The stress level of serving on the Planning Commission turned out to not be too detrimental, and Jim stayed on for about four years.
“Then (I) decided I was tired of the Planning Commission, working for hours and hours on these different projects and then sending them up to the Town Council where they just ripped them up,” Jim said. “So I thought, ‘I gotta get closer to the top here.’”
Jim ran for Town Council in 1984 and served two four-year terms before running for mayor in 1992. He was twice elected to the post but declined to run for a third term, despite the support of many in the community.
“I was feeling really good about a lot of people saying ‘you gotta finish this out, you gotta go for the final term,’” Jim said. “But I said, ‘you know, I’m starting to hear the same comments and the same problems for the second time. I think I’ve done all I can do.’”
A lot of things went on during Jim’s 12 years in office, including the construction of several developments. But the one he’s perhaps most proud of is the creation of the Crossings, a development of affordable single-family homes.
“We gave a lot of people the opportunity to live up here, close to their work and be able to afford it,” Jim said. “It makes us a real town in the sense that we’ve got the little people running around, you know, kids on swing sets and all the stuff that a town is supposed to have.”
Jim said during his time on council, he never experienced a division like the one that exists on the current board, which lately has aired its dissent publicly over a contract with Town Manager Gary Suiter.
“When I was first in, we had a seven-person council, and we would have one guy ... he was a big dissenter on a lot of issues, but it was healthy, because he would bring up things ... that maybe hadn’t been thought of,” Jim said.
Suiter was Snowmass Village’s town manager for much of Jim’s time in office. To Jim, Suiter is one of the best city managers on the Western Slope, if not the state, especially after his experience as a consultant for municipal governments.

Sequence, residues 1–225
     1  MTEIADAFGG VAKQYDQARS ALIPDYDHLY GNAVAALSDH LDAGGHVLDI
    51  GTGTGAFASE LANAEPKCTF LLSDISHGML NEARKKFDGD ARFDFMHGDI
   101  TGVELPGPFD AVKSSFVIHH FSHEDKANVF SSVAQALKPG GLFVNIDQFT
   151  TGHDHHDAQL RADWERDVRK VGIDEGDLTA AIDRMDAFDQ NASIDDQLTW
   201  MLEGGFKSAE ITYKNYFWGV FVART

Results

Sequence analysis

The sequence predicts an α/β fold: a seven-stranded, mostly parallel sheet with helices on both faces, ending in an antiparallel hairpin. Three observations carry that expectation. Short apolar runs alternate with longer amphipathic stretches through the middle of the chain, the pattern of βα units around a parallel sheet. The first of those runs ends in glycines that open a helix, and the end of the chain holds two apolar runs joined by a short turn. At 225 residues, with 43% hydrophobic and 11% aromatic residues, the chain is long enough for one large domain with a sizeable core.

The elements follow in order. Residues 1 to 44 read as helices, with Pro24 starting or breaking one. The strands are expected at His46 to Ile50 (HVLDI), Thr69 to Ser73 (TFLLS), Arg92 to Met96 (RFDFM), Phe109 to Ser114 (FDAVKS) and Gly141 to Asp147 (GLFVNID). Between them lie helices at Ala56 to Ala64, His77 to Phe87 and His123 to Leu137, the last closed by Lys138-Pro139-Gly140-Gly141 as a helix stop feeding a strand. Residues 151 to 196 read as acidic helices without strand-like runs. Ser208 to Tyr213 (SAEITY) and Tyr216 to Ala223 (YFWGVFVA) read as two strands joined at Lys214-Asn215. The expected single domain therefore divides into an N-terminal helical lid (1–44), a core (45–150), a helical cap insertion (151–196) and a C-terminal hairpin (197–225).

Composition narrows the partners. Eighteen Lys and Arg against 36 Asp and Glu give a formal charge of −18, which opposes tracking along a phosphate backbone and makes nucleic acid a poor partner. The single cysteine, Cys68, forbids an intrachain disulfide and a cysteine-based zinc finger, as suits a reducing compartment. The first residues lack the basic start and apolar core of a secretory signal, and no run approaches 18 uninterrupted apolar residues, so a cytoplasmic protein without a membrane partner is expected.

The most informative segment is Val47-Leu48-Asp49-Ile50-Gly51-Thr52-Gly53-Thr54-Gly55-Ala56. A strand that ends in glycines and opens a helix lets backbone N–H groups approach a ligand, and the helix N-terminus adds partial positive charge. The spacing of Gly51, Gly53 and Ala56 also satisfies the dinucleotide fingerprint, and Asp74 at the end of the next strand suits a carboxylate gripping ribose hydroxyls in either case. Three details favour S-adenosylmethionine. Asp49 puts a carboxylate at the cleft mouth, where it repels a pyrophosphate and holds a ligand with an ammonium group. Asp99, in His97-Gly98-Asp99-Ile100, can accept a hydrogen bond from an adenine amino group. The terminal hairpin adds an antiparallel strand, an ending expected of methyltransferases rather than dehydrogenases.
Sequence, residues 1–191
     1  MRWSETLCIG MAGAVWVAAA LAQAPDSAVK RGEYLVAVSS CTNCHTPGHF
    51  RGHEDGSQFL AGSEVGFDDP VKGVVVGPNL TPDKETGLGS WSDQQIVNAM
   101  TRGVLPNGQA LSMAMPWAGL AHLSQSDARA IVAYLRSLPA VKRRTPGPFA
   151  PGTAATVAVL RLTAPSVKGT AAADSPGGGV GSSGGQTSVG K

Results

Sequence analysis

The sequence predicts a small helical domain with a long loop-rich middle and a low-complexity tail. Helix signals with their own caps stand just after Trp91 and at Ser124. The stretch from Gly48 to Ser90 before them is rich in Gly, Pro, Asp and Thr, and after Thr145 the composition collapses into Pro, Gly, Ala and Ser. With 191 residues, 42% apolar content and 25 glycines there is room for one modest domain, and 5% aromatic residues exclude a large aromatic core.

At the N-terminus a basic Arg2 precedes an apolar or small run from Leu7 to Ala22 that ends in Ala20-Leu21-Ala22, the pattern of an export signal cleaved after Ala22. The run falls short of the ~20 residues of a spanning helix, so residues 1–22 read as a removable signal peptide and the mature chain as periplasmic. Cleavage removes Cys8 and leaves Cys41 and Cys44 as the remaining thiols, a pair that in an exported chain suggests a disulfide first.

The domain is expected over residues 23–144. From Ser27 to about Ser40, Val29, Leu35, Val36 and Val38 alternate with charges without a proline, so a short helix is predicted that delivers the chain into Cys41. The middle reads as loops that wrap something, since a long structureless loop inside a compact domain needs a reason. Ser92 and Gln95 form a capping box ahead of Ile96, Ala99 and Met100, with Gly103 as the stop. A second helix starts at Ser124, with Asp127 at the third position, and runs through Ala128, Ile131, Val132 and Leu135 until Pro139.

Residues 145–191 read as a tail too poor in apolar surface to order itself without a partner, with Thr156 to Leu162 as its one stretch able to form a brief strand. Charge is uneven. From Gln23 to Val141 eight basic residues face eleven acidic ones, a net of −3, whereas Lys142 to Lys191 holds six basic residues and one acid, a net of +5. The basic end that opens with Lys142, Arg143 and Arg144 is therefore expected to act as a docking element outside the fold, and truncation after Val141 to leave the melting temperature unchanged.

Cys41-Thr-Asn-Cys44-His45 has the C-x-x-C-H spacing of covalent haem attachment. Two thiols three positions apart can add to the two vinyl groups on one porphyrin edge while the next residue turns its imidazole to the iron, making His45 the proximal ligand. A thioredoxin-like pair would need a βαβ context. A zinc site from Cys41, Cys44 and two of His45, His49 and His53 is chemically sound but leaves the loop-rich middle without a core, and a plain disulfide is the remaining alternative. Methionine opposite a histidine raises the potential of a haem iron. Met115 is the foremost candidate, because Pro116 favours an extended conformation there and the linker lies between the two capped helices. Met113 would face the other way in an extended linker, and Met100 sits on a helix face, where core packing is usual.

“I had all the respect in the world for him, both on the council and then as mayor,” Jim said. “He and I had identified what our roles were very clearly, and I wasn’t the least bit interested in managing the town, and he wasn’t the least bit interested in getting involved in political questions — unless asked. He was just a really squared away guy.”
Though he was out of office for the approval of Base Village, Jim strongly opposed it and at one point called on all of Snowmass’ former mayors to take out advertisements protesting the proposal, which at the time was calling for a bigger development than was eventually approved. The former officials all acquiesced.
Jim and Bianca have served on several of the same boards, although never at the same time.
“I think that Jim and I are the only couple (in Snowmass) who both have been members of the Town Council,” Bianca said.
Although Jim and Bianca didn’t always agree on what was best for Snowmass Village — they also were divided over the question of an aquatic center being considered in the ’90s — they have the same passion for serving the community.
“You know, Jim and I have lived in this community, our kids were born here, we came here when we were young,” Bianca said. “We love this community, which is one of the reasons why both of us … have been on one committee after another, elected or appointed. We were so lucky to come. It was just sort of a fluke. It is just one of the best places in the world to be.”
The Hookers might have to relocate eventually, but that’s difficult to think about, Bianca said.
“Our whole adult history is in Snowmass,” she said.
“We love this community, which is one of the reasons why both of us … have been on one committee after another, elected or appointed.”